That is a great deal of shuffling, but the message is clear: The resources folks should get out of the way of building and maintaining important public infrastructure facilities and focus instead on parks and wildlife. As the state has fallen further and further behind in building infrastructure, this idea has gained more currency even among a lot of moderate Democrats. During the Davis years, for example, Caltrans sent a similar message by moving the environmental review function from the planning division to the project delivery section. But the reorganization ideas are likely to get considerable resistance from environmentalists, who believe water and energy should be managed as natural resources and not as infrastructure.

The ideas for streamlining environmental review have a similar theme, and one that is not especially new. Some of the CEQA ideas are good ones. One proposal calls for using online technology to speed up state agency review of local projects, while another calls for the creation of a state mitigation registry, an idea that was kicked around during the Davis administration but never went anywhere. Nevertheless, the phrase “streamline CEQA” appears any number of times in the Performance Review, especially in connection with promoting infill development and building state infrastructure projects. Again, the message is clear: Enviros and community activists who use CEQA to stall projects or hold them hostage should get out of the way.

It will be interesting to see whether Schwarzenegger decides to pursue these ideas, which involve taking on the environmentalists and their Democratic allies in the Legislature. Although the governor is a moderate Republican who appears sympathetic to some environmental causes, he is also a businessman and a real estate investor himself, and his closest political ties are to Pete Wilson.

These two ideas – reorganization of state government to favor infrastructure construction and streamlining CEQA – are essentially unfinished Wilson business. Operating in a tougher economic climate and at a time when the Democrats were not so dominant in the Legislature, Wilson could not get these things done. Still, things are different now.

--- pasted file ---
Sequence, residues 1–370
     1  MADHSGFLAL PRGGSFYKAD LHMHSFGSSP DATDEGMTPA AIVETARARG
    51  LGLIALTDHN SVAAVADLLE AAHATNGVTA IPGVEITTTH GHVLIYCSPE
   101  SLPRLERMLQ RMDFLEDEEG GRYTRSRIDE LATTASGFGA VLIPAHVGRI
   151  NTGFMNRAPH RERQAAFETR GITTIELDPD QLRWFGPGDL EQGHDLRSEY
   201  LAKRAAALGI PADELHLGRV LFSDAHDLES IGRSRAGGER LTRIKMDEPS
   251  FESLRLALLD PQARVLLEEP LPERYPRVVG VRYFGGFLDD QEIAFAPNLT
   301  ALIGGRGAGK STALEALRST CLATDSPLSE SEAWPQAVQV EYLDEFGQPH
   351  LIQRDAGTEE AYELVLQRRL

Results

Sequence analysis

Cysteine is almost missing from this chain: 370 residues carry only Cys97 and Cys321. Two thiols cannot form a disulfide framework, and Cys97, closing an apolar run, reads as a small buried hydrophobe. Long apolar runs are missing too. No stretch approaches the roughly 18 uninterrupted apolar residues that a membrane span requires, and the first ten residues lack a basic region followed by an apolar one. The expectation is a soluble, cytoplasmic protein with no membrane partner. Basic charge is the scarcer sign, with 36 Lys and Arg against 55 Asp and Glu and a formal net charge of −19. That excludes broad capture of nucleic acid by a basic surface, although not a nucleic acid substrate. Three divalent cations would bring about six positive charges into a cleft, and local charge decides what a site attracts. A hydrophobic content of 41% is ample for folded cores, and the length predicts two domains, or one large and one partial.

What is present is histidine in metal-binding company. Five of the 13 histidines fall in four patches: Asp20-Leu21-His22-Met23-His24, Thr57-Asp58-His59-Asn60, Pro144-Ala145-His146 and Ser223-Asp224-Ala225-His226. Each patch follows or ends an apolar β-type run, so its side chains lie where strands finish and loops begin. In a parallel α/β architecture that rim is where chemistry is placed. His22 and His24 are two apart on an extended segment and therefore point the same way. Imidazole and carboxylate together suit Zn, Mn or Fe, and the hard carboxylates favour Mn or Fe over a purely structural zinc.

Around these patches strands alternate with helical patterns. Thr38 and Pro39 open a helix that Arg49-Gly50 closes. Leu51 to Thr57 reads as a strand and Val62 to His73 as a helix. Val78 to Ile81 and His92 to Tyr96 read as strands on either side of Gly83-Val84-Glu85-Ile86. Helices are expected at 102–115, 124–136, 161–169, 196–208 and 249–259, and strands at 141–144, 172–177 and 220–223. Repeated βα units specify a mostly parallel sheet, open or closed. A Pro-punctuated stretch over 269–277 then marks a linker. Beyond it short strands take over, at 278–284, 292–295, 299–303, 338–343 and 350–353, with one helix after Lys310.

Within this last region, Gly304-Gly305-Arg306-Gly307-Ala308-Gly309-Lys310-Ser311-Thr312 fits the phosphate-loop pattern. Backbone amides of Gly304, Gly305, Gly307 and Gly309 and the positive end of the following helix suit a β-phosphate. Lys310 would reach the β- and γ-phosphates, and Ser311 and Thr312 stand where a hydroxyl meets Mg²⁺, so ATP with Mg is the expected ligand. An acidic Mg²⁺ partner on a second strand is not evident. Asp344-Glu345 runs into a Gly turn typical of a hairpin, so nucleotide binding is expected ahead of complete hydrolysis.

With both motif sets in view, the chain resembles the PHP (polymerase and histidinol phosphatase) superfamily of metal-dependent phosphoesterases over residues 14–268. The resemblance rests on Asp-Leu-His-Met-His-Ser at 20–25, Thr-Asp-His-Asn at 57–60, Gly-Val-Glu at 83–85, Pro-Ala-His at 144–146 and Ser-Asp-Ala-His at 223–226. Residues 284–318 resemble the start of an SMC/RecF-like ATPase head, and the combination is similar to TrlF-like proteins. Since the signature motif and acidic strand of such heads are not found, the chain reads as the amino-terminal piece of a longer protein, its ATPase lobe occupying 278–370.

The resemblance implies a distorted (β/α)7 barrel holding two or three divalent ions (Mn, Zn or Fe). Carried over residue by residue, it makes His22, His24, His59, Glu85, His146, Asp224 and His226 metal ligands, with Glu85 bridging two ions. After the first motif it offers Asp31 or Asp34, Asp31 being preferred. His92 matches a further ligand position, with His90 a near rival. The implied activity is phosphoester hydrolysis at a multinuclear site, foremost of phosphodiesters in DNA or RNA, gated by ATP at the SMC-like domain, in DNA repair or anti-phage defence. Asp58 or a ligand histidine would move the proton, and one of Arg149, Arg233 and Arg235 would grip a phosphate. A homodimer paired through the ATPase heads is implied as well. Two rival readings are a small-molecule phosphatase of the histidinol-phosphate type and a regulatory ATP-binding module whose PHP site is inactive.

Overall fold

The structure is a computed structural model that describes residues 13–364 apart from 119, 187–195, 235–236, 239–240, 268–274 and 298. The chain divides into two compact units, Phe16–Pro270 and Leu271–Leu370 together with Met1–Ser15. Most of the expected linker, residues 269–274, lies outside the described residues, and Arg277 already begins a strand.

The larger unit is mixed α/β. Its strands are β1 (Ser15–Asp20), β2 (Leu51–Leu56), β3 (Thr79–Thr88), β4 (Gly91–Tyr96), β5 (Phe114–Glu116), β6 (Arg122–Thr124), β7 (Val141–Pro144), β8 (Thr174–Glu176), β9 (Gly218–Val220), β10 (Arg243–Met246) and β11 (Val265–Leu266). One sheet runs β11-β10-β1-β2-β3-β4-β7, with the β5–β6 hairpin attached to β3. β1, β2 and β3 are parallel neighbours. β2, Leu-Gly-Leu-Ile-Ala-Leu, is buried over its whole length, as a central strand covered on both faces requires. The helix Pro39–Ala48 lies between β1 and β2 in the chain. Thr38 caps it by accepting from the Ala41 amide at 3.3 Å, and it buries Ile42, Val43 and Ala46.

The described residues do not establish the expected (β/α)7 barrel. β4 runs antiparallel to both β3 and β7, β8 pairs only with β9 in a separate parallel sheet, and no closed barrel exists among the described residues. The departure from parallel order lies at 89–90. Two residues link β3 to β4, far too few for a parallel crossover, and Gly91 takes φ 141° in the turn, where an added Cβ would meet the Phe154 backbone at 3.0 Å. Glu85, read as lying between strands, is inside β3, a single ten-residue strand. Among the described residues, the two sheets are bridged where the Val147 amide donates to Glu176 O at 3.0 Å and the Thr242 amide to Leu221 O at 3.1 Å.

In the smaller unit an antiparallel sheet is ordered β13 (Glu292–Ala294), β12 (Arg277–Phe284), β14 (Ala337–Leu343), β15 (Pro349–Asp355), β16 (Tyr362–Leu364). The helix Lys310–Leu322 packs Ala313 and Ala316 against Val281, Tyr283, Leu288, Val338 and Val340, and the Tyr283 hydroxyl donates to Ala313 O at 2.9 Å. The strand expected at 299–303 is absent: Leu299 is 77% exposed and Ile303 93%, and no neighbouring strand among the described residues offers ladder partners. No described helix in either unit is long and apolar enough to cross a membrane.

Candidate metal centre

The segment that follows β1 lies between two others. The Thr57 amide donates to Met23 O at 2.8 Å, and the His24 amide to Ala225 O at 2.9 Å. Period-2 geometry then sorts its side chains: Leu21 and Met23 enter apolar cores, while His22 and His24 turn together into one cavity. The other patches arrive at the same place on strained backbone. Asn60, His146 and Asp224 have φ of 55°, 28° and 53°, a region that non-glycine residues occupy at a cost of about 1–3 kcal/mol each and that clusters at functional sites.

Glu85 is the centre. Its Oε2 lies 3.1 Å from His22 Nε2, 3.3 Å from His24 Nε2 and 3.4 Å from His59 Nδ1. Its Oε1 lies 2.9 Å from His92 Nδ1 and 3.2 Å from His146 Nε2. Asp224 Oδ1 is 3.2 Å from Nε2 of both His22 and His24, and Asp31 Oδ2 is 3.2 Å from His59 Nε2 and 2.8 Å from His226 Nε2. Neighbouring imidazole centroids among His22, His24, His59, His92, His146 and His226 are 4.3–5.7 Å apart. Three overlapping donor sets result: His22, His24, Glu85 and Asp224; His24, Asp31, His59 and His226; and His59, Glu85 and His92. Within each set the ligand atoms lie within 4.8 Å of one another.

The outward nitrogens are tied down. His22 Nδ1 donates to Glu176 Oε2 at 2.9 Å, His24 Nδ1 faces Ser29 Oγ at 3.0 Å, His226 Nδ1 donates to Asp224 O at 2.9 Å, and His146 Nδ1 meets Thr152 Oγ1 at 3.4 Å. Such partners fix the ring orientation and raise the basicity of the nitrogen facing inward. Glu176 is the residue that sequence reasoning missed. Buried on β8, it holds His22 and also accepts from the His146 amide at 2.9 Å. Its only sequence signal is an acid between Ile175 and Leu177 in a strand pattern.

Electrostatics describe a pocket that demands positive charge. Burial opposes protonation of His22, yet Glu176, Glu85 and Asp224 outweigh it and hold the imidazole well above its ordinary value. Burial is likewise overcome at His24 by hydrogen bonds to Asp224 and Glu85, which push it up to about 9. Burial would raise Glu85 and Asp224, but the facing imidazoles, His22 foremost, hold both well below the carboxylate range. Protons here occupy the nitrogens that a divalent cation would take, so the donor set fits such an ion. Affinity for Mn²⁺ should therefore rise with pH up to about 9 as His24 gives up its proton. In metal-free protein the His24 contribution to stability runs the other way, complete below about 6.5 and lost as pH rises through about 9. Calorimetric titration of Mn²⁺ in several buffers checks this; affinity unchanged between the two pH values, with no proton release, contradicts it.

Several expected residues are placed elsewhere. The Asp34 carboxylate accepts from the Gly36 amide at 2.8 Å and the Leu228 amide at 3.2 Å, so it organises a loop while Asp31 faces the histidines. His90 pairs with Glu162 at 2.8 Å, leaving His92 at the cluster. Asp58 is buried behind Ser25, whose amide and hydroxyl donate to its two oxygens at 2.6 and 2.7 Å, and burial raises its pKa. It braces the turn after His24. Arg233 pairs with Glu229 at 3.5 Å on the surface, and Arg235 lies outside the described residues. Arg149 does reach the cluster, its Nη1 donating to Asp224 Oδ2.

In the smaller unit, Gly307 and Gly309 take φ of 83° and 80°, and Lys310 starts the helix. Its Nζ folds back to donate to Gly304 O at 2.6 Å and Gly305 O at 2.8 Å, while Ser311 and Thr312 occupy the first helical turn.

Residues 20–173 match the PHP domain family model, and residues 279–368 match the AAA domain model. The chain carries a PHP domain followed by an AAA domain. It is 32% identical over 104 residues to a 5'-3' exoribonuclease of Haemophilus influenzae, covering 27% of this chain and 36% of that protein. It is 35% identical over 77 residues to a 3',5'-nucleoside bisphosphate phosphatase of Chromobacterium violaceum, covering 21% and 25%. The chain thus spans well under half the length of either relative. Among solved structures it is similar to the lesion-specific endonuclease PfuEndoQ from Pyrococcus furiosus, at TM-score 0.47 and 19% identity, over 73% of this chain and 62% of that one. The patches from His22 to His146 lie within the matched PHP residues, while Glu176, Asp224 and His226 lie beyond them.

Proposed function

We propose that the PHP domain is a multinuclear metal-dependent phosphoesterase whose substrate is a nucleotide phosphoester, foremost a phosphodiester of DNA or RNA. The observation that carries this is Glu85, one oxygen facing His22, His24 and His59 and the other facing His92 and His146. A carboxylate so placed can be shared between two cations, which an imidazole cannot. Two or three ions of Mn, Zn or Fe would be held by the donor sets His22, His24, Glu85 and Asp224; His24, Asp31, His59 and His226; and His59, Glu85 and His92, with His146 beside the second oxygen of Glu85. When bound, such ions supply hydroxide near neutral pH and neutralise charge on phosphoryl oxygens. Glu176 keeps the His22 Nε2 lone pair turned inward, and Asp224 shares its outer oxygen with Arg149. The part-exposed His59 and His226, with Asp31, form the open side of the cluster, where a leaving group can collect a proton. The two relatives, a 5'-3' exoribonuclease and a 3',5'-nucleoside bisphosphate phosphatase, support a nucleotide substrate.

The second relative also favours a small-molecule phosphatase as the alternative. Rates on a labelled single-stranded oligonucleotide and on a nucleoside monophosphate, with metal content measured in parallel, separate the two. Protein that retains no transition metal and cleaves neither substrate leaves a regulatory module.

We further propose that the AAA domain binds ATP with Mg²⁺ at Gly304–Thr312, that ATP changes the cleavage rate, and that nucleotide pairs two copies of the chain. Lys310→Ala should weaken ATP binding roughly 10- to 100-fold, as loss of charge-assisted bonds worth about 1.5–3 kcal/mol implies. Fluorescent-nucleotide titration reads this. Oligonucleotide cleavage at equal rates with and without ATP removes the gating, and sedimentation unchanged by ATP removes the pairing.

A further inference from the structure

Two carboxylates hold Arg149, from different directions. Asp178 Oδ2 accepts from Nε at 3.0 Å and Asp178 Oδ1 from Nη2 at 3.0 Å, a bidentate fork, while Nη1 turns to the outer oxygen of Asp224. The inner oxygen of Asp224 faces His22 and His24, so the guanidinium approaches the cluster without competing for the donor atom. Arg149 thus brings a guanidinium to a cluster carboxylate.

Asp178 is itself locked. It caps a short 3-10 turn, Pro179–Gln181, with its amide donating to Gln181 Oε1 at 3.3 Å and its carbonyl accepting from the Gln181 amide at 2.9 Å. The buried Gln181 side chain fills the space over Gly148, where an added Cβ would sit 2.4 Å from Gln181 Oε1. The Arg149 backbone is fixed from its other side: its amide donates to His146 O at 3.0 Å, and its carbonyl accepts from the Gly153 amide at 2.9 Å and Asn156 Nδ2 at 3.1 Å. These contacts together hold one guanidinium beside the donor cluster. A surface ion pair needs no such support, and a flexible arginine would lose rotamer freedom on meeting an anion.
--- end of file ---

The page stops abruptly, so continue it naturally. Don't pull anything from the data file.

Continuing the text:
Home prices have doubled, and BTH Secretary Sunne McPeak – perhaps the strongest personality in the Cabinet – appears to be on a housing crusade. Traffic congestion remains a huge problem and Caltrans is under tremendous pressure to deliver, even as transportation funding sources are dwindling. Davis already streamlined power-plant permitting during the energy crisis of 2001.

The old white environmentalists, notably CEQA defender Sen. Byron Sher (D-Palo Alto), are getting termed-out in the Legislature. The new Democratic majority is largely Latino and oriented toward labor, not the environment. They listen to the construction unions, and the core constituency of these Democrats is aspiring toward home ownership.

Of course, Schwarzenegger is remarkably popular. He is a governor who believes, as Reagan did, that he can go around legislators to the voters when he desires in order to get things done.

Schwarzenegger commissioned the California Performance Review because, like Reagan, he ran against the now-famous junta of “waste, fraud, and abuse” in government. Schwarzenegger has used the audit to identify possible actions. But, like his precedessors, Schwarzenegger will to use the recommendations selectively to promote his own political agenda. It seems likely that he will use the streamlining and reorganization recommendations toward the planning policy goal he appears to be moving toward as governor – removing impediments to both infrastructure development and housing construction he thinks the state needs.